6. jean sampson

    Thanks, Sandra, I feel the same about my connection with you. 🙂 And I am still praying for you and the little guy. As I type, Hector, my tuxedo lap cat, is sitting on my lap. Blessings and love to you both!

  7. Sandra, bless your sweet heart. I said before on FB that I’m so sorry about Bodhi, but when I read your post, I was sorry all over again. It is so hard to lose someone we love, and to lose them so abruptly is such a shock. How like you to find something beautiful and meaningful in your grief, and to offer Bodhi such loving help.

    • You are so sweet, Galen! Thank you for your comforting words! Expressing my kindness to Bodhi also heals me. We’re all so interconnected!

  8. My heart goes out to you. I’m so sorry for your loss. You offered several inspiring ways for us to pay tribute to our loved ones who have passed. Thank you.

    This has been the roughest year for me – and my family – with regard to ‘losses’.
    My daughter (Dawn) passed in January and I miss her so very much. I was living in Florida at the time (only for 2 years – I was born and raised in Jersey) and wanted so badly to come back home to be near my loved ones – my older daughter and my grandchildren (Dawn gave me 5 beautiful grandchildren). In order to live someplace in Jersey that I could afford (a nicely maintained mobile home), I had to rehome my 2 sweet dogs (Guy and Daisy). I had fostered dogs while living in Jersey and fell in love with Guy (who was blind in one eye) and little Daisy Mae. They were with me all the time. They are now living with a wonderful woman in upstate NY – I speak with her often – but I miss them so very much. I am kind of ‘grieving’ their loss also.

    This past week the Hurricane hit Jersey and my3 youngest grandchildren (the 2 older boys lived in Connecticut) lost their home and almost all it’s contents.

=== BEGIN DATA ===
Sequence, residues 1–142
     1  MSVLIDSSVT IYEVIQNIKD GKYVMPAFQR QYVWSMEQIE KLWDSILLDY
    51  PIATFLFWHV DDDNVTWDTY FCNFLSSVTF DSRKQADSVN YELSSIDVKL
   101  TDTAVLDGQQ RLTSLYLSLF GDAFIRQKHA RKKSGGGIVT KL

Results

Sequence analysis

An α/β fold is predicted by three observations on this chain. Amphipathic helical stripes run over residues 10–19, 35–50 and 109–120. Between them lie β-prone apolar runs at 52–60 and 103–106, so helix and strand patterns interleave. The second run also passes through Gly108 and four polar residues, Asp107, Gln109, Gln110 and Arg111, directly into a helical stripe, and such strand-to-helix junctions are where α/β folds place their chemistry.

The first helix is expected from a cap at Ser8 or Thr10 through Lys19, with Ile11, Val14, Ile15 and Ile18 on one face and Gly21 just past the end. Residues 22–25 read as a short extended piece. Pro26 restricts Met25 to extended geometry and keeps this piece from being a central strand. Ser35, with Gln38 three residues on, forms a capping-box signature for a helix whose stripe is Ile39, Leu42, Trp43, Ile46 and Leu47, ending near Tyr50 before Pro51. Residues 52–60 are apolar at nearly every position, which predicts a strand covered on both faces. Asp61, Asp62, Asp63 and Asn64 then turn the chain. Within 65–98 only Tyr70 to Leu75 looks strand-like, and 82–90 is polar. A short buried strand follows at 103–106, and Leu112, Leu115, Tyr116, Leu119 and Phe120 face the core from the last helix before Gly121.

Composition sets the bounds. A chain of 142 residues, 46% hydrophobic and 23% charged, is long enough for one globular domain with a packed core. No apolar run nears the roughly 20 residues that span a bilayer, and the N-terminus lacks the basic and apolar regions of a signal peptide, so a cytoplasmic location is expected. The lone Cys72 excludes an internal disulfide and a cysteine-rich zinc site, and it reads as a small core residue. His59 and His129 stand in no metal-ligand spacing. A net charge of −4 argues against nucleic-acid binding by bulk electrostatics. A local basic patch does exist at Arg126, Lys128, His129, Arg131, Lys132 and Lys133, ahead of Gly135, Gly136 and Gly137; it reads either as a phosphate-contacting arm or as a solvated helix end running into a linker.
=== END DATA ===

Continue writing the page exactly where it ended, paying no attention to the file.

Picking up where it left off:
My heart aches for them and for so many others who lost everything. First they lose their Mom and now their home. I am thankful that they are safe (they came to stay with me just before the hurricane hit us) — but I’m not sure how many losses children are able to cope with within one year. 🙁

    I am trying to be strong, but I am so very emotionally wrought. They all stayed with me (in my mobile home) for over a week (we just got power back on). The area in which I reside was really not affected except for losing power and heavy winds and rain. They are now staying with my son in law’s sister.

    People are donating and helping as much as possible (clothes, food, cleaning products, etc…), but it’s going to take a long while to recover from the devastation. This loss, in my opinion, is causing me more grief.

    I know what it’s like to lose a loved one – whether it be a pet (my dog Prince passed many years ago and I still miss him and my cat passed shortly after Prince — Prince was almost 17 and Homi was 12) or a family member (my Mom, my Dad, my daughter). I grieve hard (for lack of a better word) and I cry so very much. Oddly enough, crying never seems to relieve my emotional pain. Just makes my eyes swollen and my head hurt.

    You are right – there is no way to control ‘grief’. We have to go thru the ‘grieving’ process, try to accept ‘what is’ and try to somehow find some measure comfort by wishing our loved ones wellness and peace — wherever they may be and whatever they may be going thru.

    Thank you, Sandra. I will keep you and Bodhi in my thoughts and prayers.

    Sandy

    • Sandy,

      I’m so sorry you grandchildren are experiencing yet another loss of their home. It feels unbelievable and it must be earth-shattering for them. I know it’s hard to believe that we can overcome such devastation and I really send all my prayers for their healing and recovery and yours too.

      I was sad to hear you had to re-home your two sweet dogs too, but how wonderful they have a good home for them and can be in touch. I can imagine how much you miss them too! Moving through grief is not easy, but I hope somehow, on the long term, we will gain some insight and strength from our experience that informs our life in a good way and allows us to be of help to others.

      Peter A Levine has a book called Healing Trauma that has a short section near the end on preventing and healing trauma for children. That’s something to be on the watch for given all the loss your grandchildren have experienced of late. There are many ways to help healing from trauma now so there is more hope.